The Future of Clean Energy: Can Biden Achieve His Cornerstone Climate Goal?

Climate change remains one of the critical challenges of our time, and Joe Biden’s administration has made it a priority to address it. One of his common goals is to convert the US electric grid entirely to clean energy by 2035. Although it seems like quite a lofty goal, it’s more important than ever to reduce carbon emissions to fight the effects of climate change. However, achieving 100% clean power raises the question of its feasibility.

The United States has already grown its share of clean energy in electricity usage in recent years. As of 2021, about 44% of America’s electricity was powered by zero-emissions sources such as wind, solar, nuclear, and hydropower, according to the Department of Energy.

“When you have a fully clean grid, versus a grid that either is a quarter or a half clean, that makes a significant difference in terms of the greenhouse gas performance of the things you’re plugging in to that grid,” White House national climate adviser Ali Zaidi told CNN. “That electric vehicle now is twice or three times cleaner when you shift to a fully clean grid.” 

However, by 2035, the government analysis shows that clean and renewable sources will make up around 86% of US energy. In other words, about 14% of energy will still come from non-renewable sources like methane gas and coal. So, it is safe to say that fully clean energy by 2035 may be ambitious.

One of the primary reasons why converting the US electric grid entirely to clean energy may be a challenge is that fossil fuels remain ingrained in the structure of American society. It is the source of not only energy but also jobs and economic growth. Even if the government invests in clean energy sources, it will take considerable time for coal mines and oil rigs to close and for new technology to emerge. Additionally, the transition to clean energy sources is costly.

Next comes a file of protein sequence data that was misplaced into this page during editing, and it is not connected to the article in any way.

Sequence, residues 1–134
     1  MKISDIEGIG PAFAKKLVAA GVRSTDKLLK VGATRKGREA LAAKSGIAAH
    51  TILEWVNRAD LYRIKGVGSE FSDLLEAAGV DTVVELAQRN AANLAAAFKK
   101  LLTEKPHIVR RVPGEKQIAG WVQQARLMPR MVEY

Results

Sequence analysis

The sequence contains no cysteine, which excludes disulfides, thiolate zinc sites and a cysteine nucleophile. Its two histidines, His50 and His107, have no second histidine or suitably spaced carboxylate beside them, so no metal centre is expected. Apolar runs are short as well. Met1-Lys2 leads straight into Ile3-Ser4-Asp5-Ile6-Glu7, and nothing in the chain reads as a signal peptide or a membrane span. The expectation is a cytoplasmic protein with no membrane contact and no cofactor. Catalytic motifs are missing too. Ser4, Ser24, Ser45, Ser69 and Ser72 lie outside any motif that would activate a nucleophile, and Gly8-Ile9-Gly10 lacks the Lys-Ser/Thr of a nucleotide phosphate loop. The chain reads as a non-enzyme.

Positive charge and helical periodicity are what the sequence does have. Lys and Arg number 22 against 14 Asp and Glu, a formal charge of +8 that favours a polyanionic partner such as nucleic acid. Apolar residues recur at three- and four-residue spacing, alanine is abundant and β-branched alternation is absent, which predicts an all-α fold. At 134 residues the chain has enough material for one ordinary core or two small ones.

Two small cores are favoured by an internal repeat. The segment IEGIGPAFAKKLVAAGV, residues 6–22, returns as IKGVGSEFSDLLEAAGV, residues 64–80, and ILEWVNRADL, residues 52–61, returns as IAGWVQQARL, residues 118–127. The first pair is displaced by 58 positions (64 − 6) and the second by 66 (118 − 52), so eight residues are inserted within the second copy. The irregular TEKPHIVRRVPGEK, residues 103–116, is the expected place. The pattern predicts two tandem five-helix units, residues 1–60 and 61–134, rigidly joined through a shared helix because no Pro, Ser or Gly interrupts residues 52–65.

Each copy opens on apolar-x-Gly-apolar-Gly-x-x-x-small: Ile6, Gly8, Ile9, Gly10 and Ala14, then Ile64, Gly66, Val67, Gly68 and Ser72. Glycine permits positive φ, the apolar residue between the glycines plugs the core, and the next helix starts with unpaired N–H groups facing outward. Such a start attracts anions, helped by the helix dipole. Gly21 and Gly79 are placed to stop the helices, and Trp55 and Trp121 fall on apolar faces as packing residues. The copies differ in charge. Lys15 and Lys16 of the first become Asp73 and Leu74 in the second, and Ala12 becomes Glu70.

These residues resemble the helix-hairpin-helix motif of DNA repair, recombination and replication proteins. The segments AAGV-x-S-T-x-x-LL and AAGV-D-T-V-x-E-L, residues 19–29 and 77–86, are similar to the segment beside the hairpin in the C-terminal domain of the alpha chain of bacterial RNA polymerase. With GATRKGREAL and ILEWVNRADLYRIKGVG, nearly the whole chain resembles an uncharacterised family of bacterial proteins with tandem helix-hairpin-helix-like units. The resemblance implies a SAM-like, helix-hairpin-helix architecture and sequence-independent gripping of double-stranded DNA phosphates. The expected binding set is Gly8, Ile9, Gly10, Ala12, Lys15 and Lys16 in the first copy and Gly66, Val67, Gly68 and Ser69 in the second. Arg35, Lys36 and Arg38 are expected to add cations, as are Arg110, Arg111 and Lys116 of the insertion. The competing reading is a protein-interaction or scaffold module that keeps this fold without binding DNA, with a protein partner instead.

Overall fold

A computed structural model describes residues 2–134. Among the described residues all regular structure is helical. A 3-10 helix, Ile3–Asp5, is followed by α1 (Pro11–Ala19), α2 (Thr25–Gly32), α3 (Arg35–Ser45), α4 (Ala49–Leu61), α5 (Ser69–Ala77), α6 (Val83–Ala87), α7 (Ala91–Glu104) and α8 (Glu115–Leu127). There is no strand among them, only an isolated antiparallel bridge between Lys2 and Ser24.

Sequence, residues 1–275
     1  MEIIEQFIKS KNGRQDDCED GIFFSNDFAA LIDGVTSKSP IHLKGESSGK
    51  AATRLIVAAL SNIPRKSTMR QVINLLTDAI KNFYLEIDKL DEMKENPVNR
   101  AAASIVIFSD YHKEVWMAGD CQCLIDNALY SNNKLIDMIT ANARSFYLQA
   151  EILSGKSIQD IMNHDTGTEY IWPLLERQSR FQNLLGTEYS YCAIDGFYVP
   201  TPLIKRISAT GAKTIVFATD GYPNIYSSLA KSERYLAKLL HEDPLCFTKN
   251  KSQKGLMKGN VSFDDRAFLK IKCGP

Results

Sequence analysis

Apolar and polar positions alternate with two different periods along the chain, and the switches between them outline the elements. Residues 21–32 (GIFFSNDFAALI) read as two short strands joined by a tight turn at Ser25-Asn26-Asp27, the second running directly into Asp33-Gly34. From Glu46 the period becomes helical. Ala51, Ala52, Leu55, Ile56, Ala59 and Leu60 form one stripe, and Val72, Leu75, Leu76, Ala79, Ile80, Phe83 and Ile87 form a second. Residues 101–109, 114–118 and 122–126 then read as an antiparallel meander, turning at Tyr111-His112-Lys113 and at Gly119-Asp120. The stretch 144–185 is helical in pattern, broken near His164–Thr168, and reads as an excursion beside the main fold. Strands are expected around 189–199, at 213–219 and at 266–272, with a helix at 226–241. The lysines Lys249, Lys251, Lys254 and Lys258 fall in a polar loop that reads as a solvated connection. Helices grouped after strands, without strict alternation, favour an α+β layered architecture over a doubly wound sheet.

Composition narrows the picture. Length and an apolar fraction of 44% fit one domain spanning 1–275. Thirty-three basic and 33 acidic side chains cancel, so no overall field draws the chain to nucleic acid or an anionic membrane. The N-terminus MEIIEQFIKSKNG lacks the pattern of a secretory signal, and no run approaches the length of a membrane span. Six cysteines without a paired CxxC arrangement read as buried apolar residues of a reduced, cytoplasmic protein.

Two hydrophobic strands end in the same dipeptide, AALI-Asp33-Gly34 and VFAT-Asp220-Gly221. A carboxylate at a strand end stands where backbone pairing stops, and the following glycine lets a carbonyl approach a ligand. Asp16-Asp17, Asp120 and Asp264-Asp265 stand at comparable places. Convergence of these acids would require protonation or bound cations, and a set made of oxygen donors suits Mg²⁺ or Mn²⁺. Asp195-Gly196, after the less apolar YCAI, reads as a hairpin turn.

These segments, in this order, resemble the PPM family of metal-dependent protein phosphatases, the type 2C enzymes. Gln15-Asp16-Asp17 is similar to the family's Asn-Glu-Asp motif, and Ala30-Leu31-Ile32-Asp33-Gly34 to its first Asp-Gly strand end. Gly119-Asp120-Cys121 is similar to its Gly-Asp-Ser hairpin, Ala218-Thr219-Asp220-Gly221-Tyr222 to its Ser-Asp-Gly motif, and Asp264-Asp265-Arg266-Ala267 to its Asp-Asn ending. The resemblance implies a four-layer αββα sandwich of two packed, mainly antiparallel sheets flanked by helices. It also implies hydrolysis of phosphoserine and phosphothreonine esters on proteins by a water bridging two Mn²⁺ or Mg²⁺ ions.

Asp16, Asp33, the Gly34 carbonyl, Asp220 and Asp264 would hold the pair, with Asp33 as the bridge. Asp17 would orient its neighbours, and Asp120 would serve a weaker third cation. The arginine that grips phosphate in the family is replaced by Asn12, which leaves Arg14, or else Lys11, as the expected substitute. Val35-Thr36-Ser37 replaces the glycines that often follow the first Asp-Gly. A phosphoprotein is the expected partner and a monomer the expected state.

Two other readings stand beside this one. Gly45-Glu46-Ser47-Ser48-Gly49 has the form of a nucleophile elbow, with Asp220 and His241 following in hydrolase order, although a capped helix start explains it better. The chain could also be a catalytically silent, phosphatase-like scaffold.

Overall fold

Another reason the transition is slowing is Coal King Joe Manchin. Manchin is a venal piece of shit bought and paid for by the Koch Brothers. He’s from a coal state, is an investor in coal plants and his son works in the industry. Plus, Joe Manchin Makes $500K a Year From One of the Dirtiest Coal Plants in West Virginia.

Coal King Manchin

Rolling Stone summed this up beautifully when describing the situation with Manchin:

At this point in human evolution, burning coal for power is one of the stupidest things humans do. Coal plants are engines of destruction, not progress. Thanks to the rapid evolution of clean energy, there are many better, cheaper, cleaner ways to power our lives. The only reason anyone still burns coal today is because of the enormous political power and inertia that the industry has acquired since the 19th century. In America, that power and inertia is embodied in the cruel and cartoonish character of West Virginia Sen. Joe Manchin, who, paradoxically, may have more control over the trajectory of the climate crisis than any other person on the planet right now. Kidus Girma, a 26-year-old Sunrise Movement activist who helped organize protests against Manchin this past fall, calls him “the final villain.”

Renewable energy technologies have accelerated in recent years due to advancements in technology and increased public support. Solar and wind have grown over the past decade to generate significant amounts of electricity. As of 2021, wind and solar together made up about 228 gigawatts of power.

According to the National Renewable Energy Laboratory (NREL), this number, including offshore wind, will grow to over 1 terawatt, or 1 trillion watts of power, by 2034. However, even this incredible growth may not be sufficient to achieve 100% clean power.

Another factor that could impact Biden’s goal is that the industry’s change could take longer than anticipated. Claims have been made by organisations such as the International Energy Agency suggest that clean energy technologies such as solar and wind energy would be responsible for three-quarters of the electricity generation by 2050, but this may not be enough to achieve the 100% goal of renewable energy.

In conclusion, achieving a 100% clean energy goal may be realistic, but it will not happen overnight. It requires multiple stakeholders to work together to institute change, particularly with a deeply ingrained fossil fuel industry to work towards a necessary shift in energy production. Several factors, including the time and cost involved, may obtain delays before a completely clean energy system can be established in the United States. Nonetheless, we can continue to focus on reducing our carbon footprint and expanding methods that protect our environment by gradually contributing to a clean energy future. The journey has begun and is incredibly daunting, but it is achievable like any other challenge, provided there is a willingness to adapt.